Tags: Uribe | Wins | Colombia's | Elections

Uribe Wins Colombia's Elections

Monday, 27 May 2002 12:00 AM

Alvaro Uribe won a landslide victory, taking 53 percent of the vote. He has promised to step up military action against Colombia's rebel groups.

His nearest rival, Liberal Party candidate Horacio Serpa recorded 31.8 percent of the vote, while none of the other nine candidates reached double figures.

The margin of Uribe's victory surprised most observers. Opinion polls had suggested he might have to struggle to win the 50 percent plus one vote needed to avoid a second round.

In his first speech to the nation, Colombia's president-elect thanked voters for giving him a "generous and clear mandate."

He also thanked Colombians for turning out to vote "in the midst of difficult times."

The turnout rate in the elections was estimated at 46.3 percent, higher than in the country's last presidential elections in 1998.

The relatively high turnout came despite calls for an electoral boycott by the country's largest rebel force, the leftist Revolutionary Armed Forces of Colombia, or FARC.

A giant security operation involving more than 200,000 soldiers and police officers managed to limit the effect of sporadic FARC attacks on polling booths and regional infrastructure.

"The international community should note that Colombia has expressed its desire to recover order and its intention to defeat terrorism," Uribe said.

Uribe's success reflects ordinary Colombians' frustration with the failure of the country's traditional political parties to end Colombia's 38-year-old civil war.

The independent candidate campaigned on a platform of increased military action against Colombia's rebel groups and pledged to be the country's "lead soldier."

He has promised to double the size of the country's armed forces and to seek increased aid from the United States.

The 49-year-old lawyer, who has studied and taught at Harvard and Oxford Universities, said his first action Monday would be to ask the international community to mediate between his government and rebel groups.

Uribe made it clear, however, that he will only begin dialogue with the rebels once they have made a firm commitment to peace.

During the election campaign, Serpa, Uribe's main opponent, had characterized the independent candidate as a warmonger who would plunge Colombia into further instability.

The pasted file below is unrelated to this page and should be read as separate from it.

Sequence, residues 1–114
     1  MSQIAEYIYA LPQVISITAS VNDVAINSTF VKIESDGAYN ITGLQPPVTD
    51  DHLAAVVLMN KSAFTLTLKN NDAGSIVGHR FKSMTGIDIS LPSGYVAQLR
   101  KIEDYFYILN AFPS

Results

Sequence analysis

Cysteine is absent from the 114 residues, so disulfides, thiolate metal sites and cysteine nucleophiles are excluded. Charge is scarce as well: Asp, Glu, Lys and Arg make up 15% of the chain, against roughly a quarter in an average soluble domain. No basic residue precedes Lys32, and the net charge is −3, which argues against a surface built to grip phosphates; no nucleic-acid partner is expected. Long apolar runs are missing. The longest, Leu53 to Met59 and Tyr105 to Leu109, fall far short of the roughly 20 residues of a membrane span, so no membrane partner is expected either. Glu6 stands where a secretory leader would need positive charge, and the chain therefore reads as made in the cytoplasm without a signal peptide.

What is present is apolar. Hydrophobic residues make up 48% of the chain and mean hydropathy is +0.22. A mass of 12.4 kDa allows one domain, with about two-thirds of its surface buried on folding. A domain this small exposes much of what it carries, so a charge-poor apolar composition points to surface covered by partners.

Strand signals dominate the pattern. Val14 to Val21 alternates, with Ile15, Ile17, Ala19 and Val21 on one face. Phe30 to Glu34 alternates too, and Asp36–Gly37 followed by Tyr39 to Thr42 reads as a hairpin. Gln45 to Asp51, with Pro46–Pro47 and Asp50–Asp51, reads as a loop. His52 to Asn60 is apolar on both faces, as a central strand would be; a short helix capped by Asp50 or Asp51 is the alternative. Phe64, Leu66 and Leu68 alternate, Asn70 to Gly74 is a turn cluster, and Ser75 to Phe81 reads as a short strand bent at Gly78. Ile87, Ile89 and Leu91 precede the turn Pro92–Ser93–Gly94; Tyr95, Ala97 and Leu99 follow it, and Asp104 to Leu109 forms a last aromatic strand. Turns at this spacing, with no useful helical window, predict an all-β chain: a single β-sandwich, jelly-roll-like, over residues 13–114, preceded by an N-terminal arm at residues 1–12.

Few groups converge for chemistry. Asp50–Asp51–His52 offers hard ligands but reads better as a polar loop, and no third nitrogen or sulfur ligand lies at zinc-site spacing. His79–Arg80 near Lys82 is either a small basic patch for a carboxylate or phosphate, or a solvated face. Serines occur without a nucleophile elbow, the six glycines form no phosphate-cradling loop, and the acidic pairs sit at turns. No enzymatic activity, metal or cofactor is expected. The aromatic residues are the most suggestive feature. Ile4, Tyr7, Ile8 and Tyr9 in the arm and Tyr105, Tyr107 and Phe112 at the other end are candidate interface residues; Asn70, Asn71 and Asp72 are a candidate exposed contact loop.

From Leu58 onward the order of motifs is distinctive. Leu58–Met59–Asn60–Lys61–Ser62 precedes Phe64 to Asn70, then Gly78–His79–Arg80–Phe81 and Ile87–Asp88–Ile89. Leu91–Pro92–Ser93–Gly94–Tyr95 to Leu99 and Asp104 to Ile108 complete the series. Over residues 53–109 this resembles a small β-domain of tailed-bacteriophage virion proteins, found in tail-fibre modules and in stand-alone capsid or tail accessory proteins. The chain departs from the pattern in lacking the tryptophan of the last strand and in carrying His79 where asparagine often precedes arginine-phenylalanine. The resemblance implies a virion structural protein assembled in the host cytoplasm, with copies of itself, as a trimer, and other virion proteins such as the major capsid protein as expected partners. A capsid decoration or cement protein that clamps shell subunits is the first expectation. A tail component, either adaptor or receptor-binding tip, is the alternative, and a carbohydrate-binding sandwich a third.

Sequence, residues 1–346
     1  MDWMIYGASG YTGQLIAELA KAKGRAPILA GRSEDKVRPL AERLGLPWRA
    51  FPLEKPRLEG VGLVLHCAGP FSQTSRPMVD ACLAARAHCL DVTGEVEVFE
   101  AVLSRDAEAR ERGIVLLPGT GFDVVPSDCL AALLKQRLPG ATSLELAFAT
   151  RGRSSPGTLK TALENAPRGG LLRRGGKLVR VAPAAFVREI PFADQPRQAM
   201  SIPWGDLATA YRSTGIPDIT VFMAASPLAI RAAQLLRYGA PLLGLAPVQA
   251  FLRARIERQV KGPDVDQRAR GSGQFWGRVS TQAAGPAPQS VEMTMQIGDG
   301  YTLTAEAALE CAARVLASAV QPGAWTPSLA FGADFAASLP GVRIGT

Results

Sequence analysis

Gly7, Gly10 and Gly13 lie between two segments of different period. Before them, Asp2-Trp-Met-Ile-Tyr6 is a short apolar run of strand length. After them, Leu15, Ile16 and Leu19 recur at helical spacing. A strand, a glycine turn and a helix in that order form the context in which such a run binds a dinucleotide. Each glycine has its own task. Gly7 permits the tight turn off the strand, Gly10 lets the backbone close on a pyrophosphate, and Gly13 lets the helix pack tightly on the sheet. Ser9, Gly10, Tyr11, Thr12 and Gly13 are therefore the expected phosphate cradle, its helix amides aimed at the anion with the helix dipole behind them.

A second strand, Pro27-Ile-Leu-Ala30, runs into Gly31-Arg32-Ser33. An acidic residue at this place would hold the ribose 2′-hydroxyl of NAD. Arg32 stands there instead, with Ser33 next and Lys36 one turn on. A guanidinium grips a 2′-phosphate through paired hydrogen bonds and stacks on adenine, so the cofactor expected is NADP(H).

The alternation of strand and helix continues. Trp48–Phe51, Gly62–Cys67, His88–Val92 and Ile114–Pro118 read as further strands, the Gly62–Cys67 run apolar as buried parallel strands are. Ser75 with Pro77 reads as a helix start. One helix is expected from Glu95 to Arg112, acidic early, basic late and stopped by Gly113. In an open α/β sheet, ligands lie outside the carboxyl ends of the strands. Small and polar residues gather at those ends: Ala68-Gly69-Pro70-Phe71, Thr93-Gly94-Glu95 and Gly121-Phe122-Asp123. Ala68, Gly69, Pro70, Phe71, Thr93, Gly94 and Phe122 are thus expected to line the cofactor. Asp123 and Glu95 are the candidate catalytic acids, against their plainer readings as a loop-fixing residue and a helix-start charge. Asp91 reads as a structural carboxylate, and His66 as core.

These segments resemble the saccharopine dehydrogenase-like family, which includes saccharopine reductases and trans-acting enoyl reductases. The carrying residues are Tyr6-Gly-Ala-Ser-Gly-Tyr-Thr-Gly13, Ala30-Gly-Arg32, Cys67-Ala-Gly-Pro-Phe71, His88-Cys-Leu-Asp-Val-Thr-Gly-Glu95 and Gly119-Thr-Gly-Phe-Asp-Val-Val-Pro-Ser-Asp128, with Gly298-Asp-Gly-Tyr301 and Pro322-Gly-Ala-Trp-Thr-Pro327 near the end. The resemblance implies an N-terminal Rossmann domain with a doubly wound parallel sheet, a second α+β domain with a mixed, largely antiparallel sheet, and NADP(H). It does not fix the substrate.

While conceding defeat to Uribe Sunday night, Serpa again warned that "the future of Colombia cannot be more war" and promised to dedicate himself to promoting reconciliation.

Uribe's critics also accuse him of having authoritarian tendencies and of promoting military action against the rebels in order to avenge the FARC's murder of his father in a botched kidnapping attempt in 1996.

In his speech to the nation, Uribe promised to respect human rights and the democratic process during his campaign against the guerrillas.

He said his government would also focus on promoting education and creating jobs, which he said would be crucial factors in reducing violence in Colombia in the long term.

The president-elect's final words were, however, a reminder that his administration's main focus will be defeating the rebels.

"I was born on a mountain and I inherited the firmness of its rocks," Uribe said.

President Andres Pastrana cast the first vote in the elections Sunday morning before appealing to Colombians to exercise their democratic right to vote.

"While the guerrillas keep using bullets, explosives, kidnappings and massacres against the Colombian people, we will use the most important weapon we have, which is democracy," Pastrana said.

Copyright 2002 by United Press International.

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Alvaro Uribe won a landslide victory, taking 53 percent of the vote. He has promised to step up military action against Colombia's rebel groups. His nearest rival, Liberal Party candidate Horacio Serpa recorded 31.8 percent of the vote, while none of the other nine...
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2002-00-27
Monday, 27 May 2002 12:00 AM
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